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Sumo Picture Book

Students make a virtual visit to the Sumo stable, reading about the life of a novice sumo wrestler in Japan,  オージーの山  (lit. Aussie’s Mountain).

This resource comprises of a PPT big book, and the students’ book in PDF format.

How to use the resource

PPT: Each page has sound effects and a description of the situation. Some expressions which sumo wrestlers say appear in speech bubbles when you click on the page.

PDF booklet: The students’ book in PDF is designed to be colour printed on A3 paper and cut into quarters to make an A5 booklet. For best results, print double-sided (flip on short edge) and cut along the dotted lines. Order the pages following the number on the bottom left corner. As tategaki (vertical writing) is used in this booklet, we recommend that you staple the pages together on the right-hand side, and read right to left.

Big Book (PPT 22110KB)
Students’ Booklet (PDF 3872KB)

Suggested Procedure

Before reading the book

Teacher shows students a video about Sumo, introduces Sumo wrestlers in Japan and gives a brief history

Teacher asks some questions to raises students’ awareness, e.g.

  • Why are Sumo wrestlers so big?
  • Are all Sumo wrestlers Japanese?
  • What is a Sumo wrestler’s lifestyle like?

Reading the book with PPT

Listen to the story with sounds and repeat

After reading the book with PPT

Students read the booklet by themselves and/or in groups

Students perform a roleplay based on the story

Useful Information on Sumo for Students

  • Sumo, the national sport of Japan, has a 2000 year history. It became a professional sport in the early Edo Period, and since then it has been a popular spectator sport.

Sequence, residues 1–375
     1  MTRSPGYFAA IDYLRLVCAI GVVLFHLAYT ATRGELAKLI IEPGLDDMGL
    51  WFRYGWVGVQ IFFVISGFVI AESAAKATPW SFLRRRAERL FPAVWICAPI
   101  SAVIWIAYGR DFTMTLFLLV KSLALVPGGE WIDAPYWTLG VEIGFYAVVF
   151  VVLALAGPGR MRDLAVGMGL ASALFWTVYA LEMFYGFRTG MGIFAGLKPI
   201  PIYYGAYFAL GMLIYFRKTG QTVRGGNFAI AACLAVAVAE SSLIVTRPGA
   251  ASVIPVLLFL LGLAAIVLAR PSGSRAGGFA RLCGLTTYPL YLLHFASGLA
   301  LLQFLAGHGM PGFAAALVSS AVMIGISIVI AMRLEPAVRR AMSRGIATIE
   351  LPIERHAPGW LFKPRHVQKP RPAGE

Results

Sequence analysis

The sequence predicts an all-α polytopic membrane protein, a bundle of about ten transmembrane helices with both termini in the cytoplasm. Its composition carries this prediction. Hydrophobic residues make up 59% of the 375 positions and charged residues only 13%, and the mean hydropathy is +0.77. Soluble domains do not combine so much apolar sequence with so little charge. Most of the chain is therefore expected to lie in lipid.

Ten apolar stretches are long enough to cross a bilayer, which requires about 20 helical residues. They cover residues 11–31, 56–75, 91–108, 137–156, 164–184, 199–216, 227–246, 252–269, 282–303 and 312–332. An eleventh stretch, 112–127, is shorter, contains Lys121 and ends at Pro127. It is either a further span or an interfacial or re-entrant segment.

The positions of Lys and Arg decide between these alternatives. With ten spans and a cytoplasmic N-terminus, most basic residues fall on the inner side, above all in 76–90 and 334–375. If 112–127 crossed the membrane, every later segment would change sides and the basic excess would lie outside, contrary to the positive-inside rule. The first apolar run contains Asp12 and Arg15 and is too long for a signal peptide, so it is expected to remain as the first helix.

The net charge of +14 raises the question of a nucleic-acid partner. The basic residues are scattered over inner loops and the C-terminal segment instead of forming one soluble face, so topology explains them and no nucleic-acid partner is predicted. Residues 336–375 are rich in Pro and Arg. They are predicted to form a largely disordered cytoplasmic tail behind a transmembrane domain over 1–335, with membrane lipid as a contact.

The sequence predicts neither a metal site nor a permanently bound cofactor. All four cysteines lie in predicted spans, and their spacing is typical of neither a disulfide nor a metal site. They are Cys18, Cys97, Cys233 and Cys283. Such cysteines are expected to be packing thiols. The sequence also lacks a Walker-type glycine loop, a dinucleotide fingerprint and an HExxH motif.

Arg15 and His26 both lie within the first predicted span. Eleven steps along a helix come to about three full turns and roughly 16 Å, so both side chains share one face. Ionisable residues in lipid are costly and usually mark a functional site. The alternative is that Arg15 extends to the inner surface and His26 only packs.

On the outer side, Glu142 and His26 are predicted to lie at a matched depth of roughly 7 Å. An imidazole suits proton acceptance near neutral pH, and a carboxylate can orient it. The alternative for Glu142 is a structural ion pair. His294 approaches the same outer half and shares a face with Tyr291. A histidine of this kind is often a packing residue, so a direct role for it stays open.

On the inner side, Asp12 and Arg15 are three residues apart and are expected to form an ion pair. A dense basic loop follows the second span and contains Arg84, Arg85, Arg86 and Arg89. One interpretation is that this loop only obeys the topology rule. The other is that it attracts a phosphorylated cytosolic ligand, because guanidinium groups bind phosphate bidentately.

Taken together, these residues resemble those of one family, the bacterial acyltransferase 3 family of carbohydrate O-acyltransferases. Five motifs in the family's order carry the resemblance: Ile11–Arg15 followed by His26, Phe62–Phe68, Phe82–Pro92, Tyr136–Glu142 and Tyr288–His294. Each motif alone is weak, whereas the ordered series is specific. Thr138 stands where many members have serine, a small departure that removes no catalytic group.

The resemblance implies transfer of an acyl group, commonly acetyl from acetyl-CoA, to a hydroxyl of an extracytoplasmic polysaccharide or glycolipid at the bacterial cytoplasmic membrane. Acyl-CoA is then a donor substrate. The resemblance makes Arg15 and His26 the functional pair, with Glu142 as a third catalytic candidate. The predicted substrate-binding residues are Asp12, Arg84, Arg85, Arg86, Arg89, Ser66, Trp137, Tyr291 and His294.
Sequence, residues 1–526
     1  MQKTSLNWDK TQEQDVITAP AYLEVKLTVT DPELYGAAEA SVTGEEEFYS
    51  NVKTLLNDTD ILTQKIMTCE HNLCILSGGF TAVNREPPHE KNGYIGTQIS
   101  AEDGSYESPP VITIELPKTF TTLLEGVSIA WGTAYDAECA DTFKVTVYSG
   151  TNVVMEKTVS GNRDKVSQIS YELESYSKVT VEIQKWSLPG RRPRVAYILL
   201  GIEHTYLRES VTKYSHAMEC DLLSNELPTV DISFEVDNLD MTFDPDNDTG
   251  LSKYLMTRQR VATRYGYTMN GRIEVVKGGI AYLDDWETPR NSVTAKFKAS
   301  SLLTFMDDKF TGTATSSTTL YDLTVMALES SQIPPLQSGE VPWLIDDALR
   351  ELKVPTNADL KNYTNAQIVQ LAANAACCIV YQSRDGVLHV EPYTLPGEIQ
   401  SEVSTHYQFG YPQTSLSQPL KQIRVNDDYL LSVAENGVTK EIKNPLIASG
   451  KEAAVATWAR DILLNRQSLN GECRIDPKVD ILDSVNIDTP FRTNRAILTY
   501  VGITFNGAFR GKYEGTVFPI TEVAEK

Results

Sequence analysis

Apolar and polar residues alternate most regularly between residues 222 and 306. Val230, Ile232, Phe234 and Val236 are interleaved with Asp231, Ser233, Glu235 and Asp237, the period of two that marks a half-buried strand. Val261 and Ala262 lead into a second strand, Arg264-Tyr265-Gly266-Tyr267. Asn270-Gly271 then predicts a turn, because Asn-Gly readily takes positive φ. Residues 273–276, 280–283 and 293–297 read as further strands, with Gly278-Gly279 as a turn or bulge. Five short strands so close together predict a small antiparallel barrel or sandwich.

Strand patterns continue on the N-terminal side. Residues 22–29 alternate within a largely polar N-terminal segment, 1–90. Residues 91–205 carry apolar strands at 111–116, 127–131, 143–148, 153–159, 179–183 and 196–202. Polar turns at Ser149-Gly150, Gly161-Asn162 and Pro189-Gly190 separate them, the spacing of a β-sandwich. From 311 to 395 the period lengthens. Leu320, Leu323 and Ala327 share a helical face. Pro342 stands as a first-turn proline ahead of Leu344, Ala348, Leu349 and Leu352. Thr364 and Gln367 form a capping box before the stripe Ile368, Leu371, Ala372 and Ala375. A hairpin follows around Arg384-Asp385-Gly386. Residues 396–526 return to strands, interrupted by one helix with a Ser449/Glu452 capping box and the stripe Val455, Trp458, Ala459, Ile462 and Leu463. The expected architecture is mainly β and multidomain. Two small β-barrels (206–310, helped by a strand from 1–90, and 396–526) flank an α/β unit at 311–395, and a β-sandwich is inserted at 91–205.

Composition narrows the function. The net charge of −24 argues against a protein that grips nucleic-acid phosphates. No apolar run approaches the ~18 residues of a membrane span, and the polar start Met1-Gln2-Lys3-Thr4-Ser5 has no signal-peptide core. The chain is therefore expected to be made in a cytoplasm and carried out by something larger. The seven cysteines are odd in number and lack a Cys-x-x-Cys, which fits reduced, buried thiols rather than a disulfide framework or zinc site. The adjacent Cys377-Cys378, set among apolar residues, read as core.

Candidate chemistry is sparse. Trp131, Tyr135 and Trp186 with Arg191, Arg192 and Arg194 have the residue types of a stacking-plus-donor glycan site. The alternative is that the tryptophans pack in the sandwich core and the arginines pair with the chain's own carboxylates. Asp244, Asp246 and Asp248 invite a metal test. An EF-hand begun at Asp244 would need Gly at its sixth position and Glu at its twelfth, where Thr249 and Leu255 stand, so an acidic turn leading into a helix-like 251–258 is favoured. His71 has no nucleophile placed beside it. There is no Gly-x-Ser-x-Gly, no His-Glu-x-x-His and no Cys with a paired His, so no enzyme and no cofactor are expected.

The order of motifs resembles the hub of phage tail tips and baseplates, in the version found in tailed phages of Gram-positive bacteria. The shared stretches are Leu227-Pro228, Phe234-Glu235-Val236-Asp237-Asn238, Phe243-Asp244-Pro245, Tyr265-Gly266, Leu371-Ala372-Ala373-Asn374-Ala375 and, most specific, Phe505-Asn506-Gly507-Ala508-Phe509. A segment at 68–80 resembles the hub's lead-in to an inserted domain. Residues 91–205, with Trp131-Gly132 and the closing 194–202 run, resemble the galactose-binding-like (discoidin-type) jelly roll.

• There are a number of non-Japanese wrestlers as well; Mongolians have become especially prominent over the last few years. 4 of the 5 most recent wrestlers who have been promoted to the highest rank of yokozuna (grand champion) have been Mongolian.
  • All Rikishi (sumo wrestlers) are members of a Sumo stable and live in with their Oyakata (stable master).
  • Rikishi only eat twice a day but up to 10,000 calories. Not all the rikishi are very large, so eating and sleeping are very important part of the training to build their bodies to become a strong rikishiChankonabe is a hot-pot style dish that is commonly eaten by rikishi.
  • Each Sumo wrestler is given their own 四股名しこな (ring name). The name usually includes kanji which have the connotation of ‘big’ or ‘strong’.  うみ (ocean) and やま(mountain) are very common in wrestlers’ names. Other examples are りゅう (dragon), ちから (power), しま (island), なみ (big wave), and 富士ふじ (Mt Fuji). The other part of the name usually indicates the stable to which the wrestler belongs.  This is usually derived from the ring name of the stable master, but sometimes the name of a wrestler’s hometown or their real name is used.

How to make 四股名(しこな) ring names for students:

  • use student’s name, e.g. ジョンのふじ
  • use hometown, e.g. 金の海 (Gold coast!)

Find more information about Sumo on Kids Web Japan

Resource created by Himiko Negishi-Wood and with assistance from Jessica Leung (June 2019).

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